T & F: Clemons proud to represent fellow veterans on Road to London Kortney Clemons isn’t one to draw attention to himself. Though his story is inspirational and his athletic feats remarkable, one of the United States’ top Paralympic track and field hopefuls.
Photo Courtesy: www.cgsc.edu - Sgt. (Ret.) Kortney Clemons, Army Wounded Warrior and Paralympics Athlete has an amazing story.
Kortney Clemons isn’t one to draw attention to himself.
Though his story is inspirational and his athletic feats remarkable, one of the United States’ top Paralympic track and field hopefuls is a soft-spoken man who tries to blend into the crowd and “stay as normal as possible.”
“Most people, really, they would hardly know I was in the room,” he says, laughing.
Yet occasionally people will recognize him and thank him for his service or say they admire what he’s done, and he’s grateful.
It’s part of what makes Veteran’s Day, for him, a much more special day than it ever was before.
“I understand,” says Clemons, 31, an Iraq war veteran who lost most of his right leg in an IED explosion in 2005. “It’s a real good, feel good story, and I appreciate that … And when you do get those (comments from people), it feels good. It gives you a little boost, like, ‘OK, what I am doing is making a difference,’ and it gives you the energy to keep moving forward.”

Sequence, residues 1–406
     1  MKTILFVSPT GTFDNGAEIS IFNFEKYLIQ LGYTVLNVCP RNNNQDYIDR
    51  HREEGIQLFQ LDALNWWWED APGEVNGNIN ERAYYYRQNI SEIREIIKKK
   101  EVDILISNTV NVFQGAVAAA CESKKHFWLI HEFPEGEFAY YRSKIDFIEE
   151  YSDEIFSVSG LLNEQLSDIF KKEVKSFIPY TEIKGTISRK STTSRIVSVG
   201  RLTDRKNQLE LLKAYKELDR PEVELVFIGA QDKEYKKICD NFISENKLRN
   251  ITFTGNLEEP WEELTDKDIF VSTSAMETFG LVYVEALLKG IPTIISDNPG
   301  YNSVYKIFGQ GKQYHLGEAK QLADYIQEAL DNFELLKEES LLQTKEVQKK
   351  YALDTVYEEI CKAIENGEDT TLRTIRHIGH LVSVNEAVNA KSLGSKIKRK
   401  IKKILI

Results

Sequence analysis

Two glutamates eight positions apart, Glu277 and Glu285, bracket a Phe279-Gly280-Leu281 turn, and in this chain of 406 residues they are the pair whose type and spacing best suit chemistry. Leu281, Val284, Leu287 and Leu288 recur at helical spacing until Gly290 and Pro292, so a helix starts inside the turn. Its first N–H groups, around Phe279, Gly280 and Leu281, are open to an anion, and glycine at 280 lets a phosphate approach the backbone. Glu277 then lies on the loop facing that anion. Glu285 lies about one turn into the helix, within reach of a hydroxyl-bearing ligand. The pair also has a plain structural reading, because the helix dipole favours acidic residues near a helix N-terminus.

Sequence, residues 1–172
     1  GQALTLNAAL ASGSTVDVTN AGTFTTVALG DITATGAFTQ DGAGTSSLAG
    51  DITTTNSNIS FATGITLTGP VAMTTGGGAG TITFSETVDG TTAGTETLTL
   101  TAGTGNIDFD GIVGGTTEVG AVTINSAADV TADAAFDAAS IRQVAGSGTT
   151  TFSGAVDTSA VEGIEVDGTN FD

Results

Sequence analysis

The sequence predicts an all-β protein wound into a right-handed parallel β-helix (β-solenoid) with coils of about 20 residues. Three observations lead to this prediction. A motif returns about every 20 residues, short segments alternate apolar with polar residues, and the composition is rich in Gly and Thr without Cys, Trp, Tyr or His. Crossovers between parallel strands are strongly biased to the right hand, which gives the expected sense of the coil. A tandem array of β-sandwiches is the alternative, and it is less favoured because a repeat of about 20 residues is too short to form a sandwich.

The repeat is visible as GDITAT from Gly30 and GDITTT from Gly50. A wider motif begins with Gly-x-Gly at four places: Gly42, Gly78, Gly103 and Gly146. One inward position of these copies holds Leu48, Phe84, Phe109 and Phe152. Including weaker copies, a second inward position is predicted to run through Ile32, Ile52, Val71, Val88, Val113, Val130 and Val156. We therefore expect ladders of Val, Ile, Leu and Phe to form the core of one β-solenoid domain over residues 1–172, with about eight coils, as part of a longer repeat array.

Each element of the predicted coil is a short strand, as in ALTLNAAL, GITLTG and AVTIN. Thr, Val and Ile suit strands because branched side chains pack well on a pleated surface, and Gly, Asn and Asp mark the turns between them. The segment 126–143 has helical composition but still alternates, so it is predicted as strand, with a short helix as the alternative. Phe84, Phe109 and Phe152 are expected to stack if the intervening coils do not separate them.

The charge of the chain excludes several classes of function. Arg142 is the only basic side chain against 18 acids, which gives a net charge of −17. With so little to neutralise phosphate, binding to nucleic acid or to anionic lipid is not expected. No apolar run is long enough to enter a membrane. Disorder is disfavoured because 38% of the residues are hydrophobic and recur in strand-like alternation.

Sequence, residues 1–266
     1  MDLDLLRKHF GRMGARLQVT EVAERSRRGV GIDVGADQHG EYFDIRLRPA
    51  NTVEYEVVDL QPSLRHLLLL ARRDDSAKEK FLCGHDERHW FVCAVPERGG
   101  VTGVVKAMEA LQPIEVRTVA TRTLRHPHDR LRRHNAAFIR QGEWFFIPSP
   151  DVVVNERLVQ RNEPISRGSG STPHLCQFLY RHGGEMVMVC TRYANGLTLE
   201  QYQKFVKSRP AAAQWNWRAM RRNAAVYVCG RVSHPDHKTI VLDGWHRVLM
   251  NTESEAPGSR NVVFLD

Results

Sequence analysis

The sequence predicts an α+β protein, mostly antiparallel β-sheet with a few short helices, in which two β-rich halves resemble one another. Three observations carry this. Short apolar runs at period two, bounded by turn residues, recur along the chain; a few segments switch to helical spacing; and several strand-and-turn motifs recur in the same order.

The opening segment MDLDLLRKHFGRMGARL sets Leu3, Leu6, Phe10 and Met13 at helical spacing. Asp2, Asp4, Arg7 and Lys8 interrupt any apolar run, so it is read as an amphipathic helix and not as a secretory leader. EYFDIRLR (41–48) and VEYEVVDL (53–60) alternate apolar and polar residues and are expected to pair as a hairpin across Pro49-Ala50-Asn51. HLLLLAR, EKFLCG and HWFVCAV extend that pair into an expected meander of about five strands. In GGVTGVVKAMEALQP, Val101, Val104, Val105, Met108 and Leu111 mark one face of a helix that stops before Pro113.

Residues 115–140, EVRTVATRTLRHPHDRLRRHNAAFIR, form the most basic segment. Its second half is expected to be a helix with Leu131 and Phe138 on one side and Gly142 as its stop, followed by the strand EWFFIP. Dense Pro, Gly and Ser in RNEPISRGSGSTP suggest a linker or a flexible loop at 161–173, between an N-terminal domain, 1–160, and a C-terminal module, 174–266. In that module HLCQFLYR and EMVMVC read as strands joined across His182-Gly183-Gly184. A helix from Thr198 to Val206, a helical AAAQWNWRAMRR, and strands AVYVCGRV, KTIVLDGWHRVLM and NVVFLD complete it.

Moving forward is something Clemons does at high speed.
Since returning from Iraq, he’s earned his bachelor’s degree at Penn State, become an elite athlete, told his story in the book “Amped: A Soldier’s Race for Gold in the Shadow of War” and had his unsuccessful bid to make the U.S. team for the Beijing 2008 Paralympic Games documented in the movie “Warrior Champions.”
Now, Clemons is working to complete his master’s degree at Kansas, training to make the U.S. Paralympic Team for London 2012 and is heading to Guadalajara for the Parapan American Games that begin with Opening Ceremony on Saturday, Nov. 12.
After recently tweaking his back, it looked as if Clemons would miss the Parapans. But when it improved, he decided to compete.
He just hates to turn down a chance to compete and measure his progress toward his ultimate goal, London. He calls it “part of my journey.”
“For me, it’s a big deal,” he says. “For me, I haven’t always been the best or gotten the results I would like, so for me to get an opportunity to go to the Parapan Ams is good.”
He’s happy with the progress he’s made in the 100m, 200m and long jump — the three events he’s targeted at next year’s trials.
Since 2010, he’s dropped his 200 time from 30.5 to 28.09 (eighth in the world rankings), shaved his 100 time from 14.1 to 13.8 (eighth) and long-jumped 4.59 meters (seventh).
“I’m barely at the bottom of the totem pole, so I have to continue to get better,” he says, laughing.
“I’ve been on that side of the fence before,” he adds, referring to missing out on a trip to Beijing in a year when his marks were terrific and he won the 100 meters (T42) at the U.S. Paralympics Track and Field National